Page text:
Serious problems have been encountered when attempting to use conventional gravel packs and proppants for controlling fines in conjunction with enhanced oil recovery techniques involving steam injection, acidizing or workover fluids. Where high temperature steam, acid or hot water under high flow rates contact a conventional gravel pack or proppant, it has been found that they quickly erode away or dissolve, and must therefore be replaced at frequent intervals.
Therefore, what is needed is a method for controlling formation fines wherein the material contained in the gravel pack and the proppant is resistant to shock, acids and high temperatures. Additionally, what is needed is a method for controlling sand or fines when producing an unconsolidated or loosely consolidated oil or gas reservoir while enhancing the production of hydrocarbonaceous fluids.
The present invention is directed to a method for controlling fines or sand in an unconsolidated or loosely consolidated formation or reservoir pentrated by at least one wellbore where hydraulic fracturing is used in combination with control of the critical salinity rate and the critical fluid velocity.
In the practice of this invention, at least one wellbore is placed into said formation. After perforating the wellbore casing in the desired manner, a hydraulic fracturing fluid is injected into the formation to increase the yield of hydrocarbonaceous fluids from the formation via the producing fractures. Subsequently, a fused refractory proppant is placed into the fracture to prevent its closing and to increase thermal conductivity in the formation while injecting steam or other hot fluids. The gravel pack effect of the fused refractory proppant is improved by injecting ahead of the main proppant body a fused refactory material of a mesh smaller than the proppant. This smaller mesh fused refractory material prevents the formation fines or sand from entering into the fracture. A fused refractory gravel pack is added after fracturing to insure communication between the well and the fracture while providing substantially increased resistance to the harsh environment encountered during enhanced oil recovery operations.
To improve the efficiency of the gravel pack and prevent a compaction of the reservoir fines or sands, the fines or sands can either be fixed in place or transported deep within the formation by controlling the critical salinity rate and the critical fluid flow velocity. In one embodiment, this is accomplished by determining the critical salinity rate and the critical fluid flow velocity of the formation or reservoir surrounding the wellbore. A saline solution is then injected into the formation or reservoir at a velocity exceeding the critical fluid flow velocity. This saline solution is of a concentration sufficient to cause the fines or sand to be transferred and fixed deep within the formation or reservoir without plugging the formation, fracture or wellbore. Hydrocarbonaceous fluids are then produced from the formation or reservoir at a velocity such that the critical flow velocity is not exceeded deep within the formation, fracture or wellbore.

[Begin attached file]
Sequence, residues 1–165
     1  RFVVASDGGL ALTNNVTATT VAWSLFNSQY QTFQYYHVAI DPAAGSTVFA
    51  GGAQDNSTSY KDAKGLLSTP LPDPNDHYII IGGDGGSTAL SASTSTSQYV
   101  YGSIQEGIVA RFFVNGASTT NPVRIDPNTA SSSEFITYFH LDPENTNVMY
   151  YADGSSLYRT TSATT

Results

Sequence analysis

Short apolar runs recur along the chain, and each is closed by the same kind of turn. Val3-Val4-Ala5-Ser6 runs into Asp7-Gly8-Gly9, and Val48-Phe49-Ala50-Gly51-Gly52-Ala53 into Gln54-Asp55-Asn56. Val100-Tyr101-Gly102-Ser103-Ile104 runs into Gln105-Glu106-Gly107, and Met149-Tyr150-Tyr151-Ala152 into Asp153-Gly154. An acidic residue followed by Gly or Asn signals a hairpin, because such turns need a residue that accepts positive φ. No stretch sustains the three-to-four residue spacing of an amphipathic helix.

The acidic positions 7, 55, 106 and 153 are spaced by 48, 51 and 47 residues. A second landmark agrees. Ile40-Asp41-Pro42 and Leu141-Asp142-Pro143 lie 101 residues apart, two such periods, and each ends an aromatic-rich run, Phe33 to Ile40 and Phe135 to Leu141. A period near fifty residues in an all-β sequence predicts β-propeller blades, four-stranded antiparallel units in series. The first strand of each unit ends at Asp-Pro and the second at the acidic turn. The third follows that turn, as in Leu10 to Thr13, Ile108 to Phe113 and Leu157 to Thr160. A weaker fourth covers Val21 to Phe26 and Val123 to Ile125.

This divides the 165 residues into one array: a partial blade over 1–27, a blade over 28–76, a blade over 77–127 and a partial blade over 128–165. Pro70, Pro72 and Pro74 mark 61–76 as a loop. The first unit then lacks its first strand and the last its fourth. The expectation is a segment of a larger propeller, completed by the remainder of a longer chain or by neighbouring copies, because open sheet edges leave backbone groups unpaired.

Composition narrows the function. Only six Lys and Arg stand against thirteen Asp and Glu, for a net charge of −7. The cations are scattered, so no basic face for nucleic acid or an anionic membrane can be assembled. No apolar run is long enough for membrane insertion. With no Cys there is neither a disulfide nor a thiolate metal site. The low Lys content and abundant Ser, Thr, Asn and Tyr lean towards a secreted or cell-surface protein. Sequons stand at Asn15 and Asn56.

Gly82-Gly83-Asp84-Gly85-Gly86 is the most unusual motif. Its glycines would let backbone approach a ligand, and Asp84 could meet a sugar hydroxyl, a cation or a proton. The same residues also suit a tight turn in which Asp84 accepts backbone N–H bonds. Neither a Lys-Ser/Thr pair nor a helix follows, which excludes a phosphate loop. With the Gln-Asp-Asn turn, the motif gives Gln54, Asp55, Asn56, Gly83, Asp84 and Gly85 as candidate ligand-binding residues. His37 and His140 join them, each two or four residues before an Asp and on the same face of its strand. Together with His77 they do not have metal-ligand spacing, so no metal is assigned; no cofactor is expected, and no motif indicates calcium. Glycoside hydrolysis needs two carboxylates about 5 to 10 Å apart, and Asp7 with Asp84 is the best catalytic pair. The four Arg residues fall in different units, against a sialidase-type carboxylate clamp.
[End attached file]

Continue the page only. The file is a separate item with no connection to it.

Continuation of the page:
It is therefore an object of this invention to prevent the intrusion of fines or sand into an unconsolidated or loosely consolidated formation or reservoir which has been fractured to increase the production of hydrocarbonaceous fluids particularly in those environments where high temperatures and low pHs are encountered.
It is therefore another object of this invention to provide a novel proppant for use in a fracture to allow for increased heat transfer into a formation when a thermal oil recovery operation is utilized.
It is a further object of this invention to provide for a novel proppant which is stable in the formation when high temperatures are generated within a formation via a thermal oil recovery method, e.g. a steam flood.
It is a yet further object of this invention to provide for a novel proppant which will prolong the life and effectiveness of a created fracture.
It is a still yet further object of this invention to provide for a fused refractory proppant and fines control material through which workover fluids and acids can be pumped to clean out a gravel pack and fracture without damaging them.
These and other objects of this invention will become apparent from the following detailed description together with the accompanying exemplary drawings.